NATO Secretary General Jens Stoltenberg said on Thursday in Bucharest that an agreement on maintaining the Intermediate-Range Nuclear Forces (INF) Treaty has not been reached yet, as Russia has unveiled a new type of missile that violates this treaty.
President [Klaus] Iohannis and I also discussed the INF Treaty. Russia has deployed a new type of missile in violation of the treaty. This missile, the SSC-8, is nuclear capable, hard to detect and able reach European cities. At the NATO foreign ministers meeting in December, the US, which certainly supports all the allies, announced they will give Russia 60 days to return to compliance with the INF treaty. That period will end in two days. Unfortunately, we see no sign of progress in this direction, so we must prepare for a world without the INF treaty. NATO's military authorities have started looking into the consequences, Jens Stoltenberg said at the Cotroceni Palace, at the end of his meeting with President Klaus Iohannis.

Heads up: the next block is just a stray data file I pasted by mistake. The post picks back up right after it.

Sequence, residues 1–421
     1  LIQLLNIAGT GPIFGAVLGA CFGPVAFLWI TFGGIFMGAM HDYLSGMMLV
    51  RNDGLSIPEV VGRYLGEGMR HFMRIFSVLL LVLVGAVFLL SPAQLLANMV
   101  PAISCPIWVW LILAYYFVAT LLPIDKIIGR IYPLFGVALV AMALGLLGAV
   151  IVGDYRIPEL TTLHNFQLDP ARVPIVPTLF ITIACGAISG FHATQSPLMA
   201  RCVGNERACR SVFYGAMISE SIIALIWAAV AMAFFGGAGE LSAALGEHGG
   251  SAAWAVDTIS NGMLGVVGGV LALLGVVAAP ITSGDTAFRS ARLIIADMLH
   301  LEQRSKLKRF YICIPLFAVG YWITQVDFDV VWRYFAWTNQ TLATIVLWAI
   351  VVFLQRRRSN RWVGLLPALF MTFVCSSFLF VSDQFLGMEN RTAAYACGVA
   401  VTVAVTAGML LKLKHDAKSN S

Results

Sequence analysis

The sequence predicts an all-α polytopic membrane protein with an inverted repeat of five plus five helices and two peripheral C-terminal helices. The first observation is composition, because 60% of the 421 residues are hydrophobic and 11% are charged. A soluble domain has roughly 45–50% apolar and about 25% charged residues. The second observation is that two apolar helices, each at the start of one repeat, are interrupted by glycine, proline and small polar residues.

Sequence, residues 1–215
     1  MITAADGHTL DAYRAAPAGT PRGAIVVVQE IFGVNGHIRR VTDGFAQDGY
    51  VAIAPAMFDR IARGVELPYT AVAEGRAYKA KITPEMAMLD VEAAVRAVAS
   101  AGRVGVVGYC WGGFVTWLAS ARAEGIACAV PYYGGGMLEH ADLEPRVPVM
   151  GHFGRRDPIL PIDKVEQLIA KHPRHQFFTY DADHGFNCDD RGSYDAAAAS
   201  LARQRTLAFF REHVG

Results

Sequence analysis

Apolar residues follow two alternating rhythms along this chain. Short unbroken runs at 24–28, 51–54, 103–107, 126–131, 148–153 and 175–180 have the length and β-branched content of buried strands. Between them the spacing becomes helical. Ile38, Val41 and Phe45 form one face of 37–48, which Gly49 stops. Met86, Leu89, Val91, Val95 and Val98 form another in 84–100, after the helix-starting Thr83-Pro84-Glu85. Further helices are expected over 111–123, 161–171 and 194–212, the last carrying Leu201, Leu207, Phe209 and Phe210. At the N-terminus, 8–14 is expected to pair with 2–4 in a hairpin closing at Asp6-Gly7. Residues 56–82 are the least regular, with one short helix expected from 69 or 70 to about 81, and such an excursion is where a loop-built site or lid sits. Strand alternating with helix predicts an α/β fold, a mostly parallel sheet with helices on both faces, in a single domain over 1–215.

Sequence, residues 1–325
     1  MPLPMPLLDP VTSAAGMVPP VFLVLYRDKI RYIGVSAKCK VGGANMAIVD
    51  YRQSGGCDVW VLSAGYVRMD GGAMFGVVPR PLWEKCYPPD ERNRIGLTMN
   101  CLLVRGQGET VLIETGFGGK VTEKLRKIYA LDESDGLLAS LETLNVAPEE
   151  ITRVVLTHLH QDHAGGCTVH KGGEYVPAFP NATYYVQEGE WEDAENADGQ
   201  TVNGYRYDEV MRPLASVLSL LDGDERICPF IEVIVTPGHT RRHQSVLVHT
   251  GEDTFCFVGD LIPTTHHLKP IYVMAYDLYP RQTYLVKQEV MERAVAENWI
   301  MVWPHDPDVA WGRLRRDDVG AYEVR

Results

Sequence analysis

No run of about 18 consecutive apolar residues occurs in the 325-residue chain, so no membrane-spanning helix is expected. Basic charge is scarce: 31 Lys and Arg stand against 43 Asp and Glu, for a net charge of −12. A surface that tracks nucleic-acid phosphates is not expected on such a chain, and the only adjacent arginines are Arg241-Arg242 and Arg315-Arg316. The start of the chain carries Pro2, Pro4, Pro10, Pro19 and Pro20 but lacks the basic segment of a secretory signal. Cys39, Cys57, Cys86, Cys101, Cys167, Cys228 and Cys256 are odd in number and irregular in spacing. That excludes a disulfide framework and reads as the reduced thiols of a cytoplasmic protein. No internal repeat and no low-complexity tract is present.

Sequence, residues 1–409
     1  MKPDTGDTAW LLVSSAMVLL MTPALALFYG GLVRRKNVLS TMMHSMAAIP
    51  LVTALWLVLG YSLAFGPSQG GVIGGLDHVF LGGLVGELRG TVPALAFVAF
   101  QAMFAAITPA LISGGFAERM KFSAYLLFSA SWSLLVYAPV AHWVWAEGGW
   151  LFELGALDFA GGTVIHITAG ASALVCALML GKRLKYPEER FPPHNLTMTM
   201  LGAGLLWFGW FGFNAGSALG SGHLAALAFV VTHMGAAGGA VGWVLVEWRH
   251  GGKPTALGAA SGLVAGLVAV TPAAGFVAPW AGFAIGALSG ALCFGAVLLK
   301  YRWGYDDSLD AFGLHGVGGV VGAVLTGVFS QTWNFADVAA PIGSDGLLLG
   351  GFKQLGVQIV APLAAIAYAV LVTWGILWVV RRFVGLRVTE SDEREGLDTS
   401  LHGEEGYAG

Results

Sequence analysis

He said the North Atlantic Alliance must maintain credible and effective deterrence and defense, but must also consider new initiatives, because a new arms race would be in nobody's interests.
Stoltenberg also mentioned that the situation in Afghanistan was also discussed during the meeting with President Klaus Iohannis.
All our allies support an Afghan-led and Afghan-owned peace and reconciliation process. We welcome the efforts of the US Special Representative, (...) this was one of the main topics I discussed with Secretary Pompeo last weekend. NATO continues to help create the conditions for a peaceful settlement. There are many countries that contribute to these efforts. (...) We came in together, and we stay together. When the time is right, we will draw down our forces together. Afghanistan will be an important issue for a meeting of NATO Defense ministers in Brussels in February, the NATO Secretary General pointed out.